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First Thoughts
  By Dan Gilmore - Editor-in-Chief  
     
   
  Sept. 28, 2012  
     
 

Where do We Stand in Supply Chain Execution Tech?

 
 

Supply Chain Execution (SCE) is a term I believe was first created By what was then AMR Research (now part of Gartner) to describe a set of mostly logistics related applications (Warehouse Management, Transportation Management, etc.).

That is kind of interesting at several levels. First, the term never really much caught on with actual companies. SCE tended to be more used by the analysts, software vendors, consultants, etc. than practitioners.

Gilmore Says:

Companies have a vision for a much more integrated approach to SCE in the not too distant future.


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Yet, if not SCE, then what? "Advanced Planning Systems" (APS) or just supply chain planning is of course widely used in companies, so it does seem we need some companion term for the execution side of the supply chain house.

Some companies might refer to "integrated logistics" or just logistics software, but I think the fact that some more general term for these applications as a whole is largely lacking is indicative of the fairly fragmented way that most companies have cobbled together those solutions. It occurs to me that there is sort of a natural flow of how planning has to work (demand plan, supply plan, inventory deployment, etc.), leading to a sort of holistic view of the software needed to support those processes.

But it just hasn't really gelled that way on the execution side. So since the best we have is Supply Chain Execution, we are going to stick with that here. And that in fact was part of the title of our just completed report on Supply Chain Execution Technology 2012, a benchmark study by our Chief Supply Chain Officer (CSCO) Insights research arm hope to repeat each year, with a few improvements already in mind for 2013. You can download a copy here: 2012 Supply Chain Execution Technology Benchmark Report (please note technology consulting firm Cognizant funded the research, so the report is on its site – very simple form to download).

This week, I am just going to summarize a few of the highlights, including a small number of the many charts in the report, based on survey data from more than 300 respondents (thank you).

First, in support of my contention that most companies tend to have very fragmented SCE technology portfolios, consider the following, which asked respondents to describe their current technology scenarios:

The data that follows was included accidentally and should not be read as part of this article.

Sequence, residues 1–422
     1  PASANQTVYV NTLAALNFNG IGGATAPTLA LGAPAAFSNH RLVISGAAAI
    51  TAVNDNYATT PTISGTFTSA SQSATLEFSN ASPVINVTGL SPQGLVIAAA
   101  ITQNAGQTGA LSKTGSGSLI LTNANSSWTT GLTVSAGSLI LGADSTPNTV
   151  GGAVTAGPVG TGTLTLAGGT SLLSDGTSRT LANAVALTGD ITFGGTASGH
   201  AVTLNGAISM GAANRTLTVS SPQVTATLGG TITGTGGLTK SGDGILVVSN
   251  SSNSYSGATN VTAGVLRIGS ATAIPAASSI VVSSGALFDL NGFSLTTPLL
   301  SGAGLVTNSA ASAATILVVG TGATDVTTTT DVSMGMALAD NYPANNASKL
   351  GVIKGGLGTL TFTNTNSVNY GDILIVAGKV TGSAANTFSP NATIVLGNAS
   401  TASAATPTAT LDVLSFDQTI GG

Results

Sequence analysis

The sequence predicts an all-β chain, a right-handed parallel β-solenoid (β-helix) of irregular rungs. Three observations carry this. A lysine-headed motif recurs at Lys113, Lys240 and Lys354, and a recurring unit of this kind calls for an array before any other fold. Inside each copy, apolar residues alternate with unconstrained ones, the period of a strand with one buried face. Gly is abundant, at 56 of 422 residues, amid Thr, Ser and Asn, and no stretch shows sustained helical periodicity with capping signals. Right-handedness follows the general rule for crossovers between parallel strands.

As can be seen, just 13% say they have a single platform suite.

But companies have a vision for a much more integrated approach in the not too distant future. When we asked respondents where they hope to be over the next few years, a very different picture emerges, as shown below:

 


As can be seen, now nearly 40% say they plan to adopt a more unified, single vendor platform suite. Will they get there? That is another question of course, but you can see the intent. More on this "platform" concept in a few paragraphs.

We also took a deep dive in several areas. For example, we asked respondents to rate the capabilities of their current TMS on a scale of 1 to 5 (1 being the lowest, 5 the highest) across a number of specific functionalities. I don't actually ever remember someone doing this before.

The results are shown below.

 

In general, the overall satisfaction is mediocre. Just a few categories made it over the mid-point of 2.5, with "freight pay and audit" and "routing" leading the way (two pretty basic functions), while "support for full international moves" and "support for advanced flows" such as cross docking and intermodal had the lowest rankings. Anyone that knows the TMS market should not be surprised by that result.

We also did the same sort of thing for WMS in the report.

One key trend among several we call out in the report is this SCE platform trend. First, not only have a number of vendors really started to get this right (i.e., deep integration across the suites), but companies are increasingly thinking about how building such a platform can drive real benefits in terms of flexibility down the road.

Please take a look at the Full Report. There is quite a bit of good stuff in it.

Do you like or use the term Supply Chain Execution? If not, what's the alternative? Do you think we will see more companies truly adopt integrated SCE platforms? Let us know your thoughts at the Feedback section below.



 
 
     

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